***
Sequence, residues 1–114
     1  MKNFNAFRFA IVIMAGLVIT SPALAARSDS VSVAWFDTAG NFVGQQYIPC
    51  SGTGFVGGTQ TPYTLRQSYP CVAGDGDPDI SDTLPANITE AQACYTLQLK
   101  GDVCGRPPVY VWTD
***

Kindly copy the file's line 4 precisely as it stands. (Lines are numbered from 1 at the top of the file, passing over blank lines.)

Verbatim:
   101  GDVCGRPPVY VWTD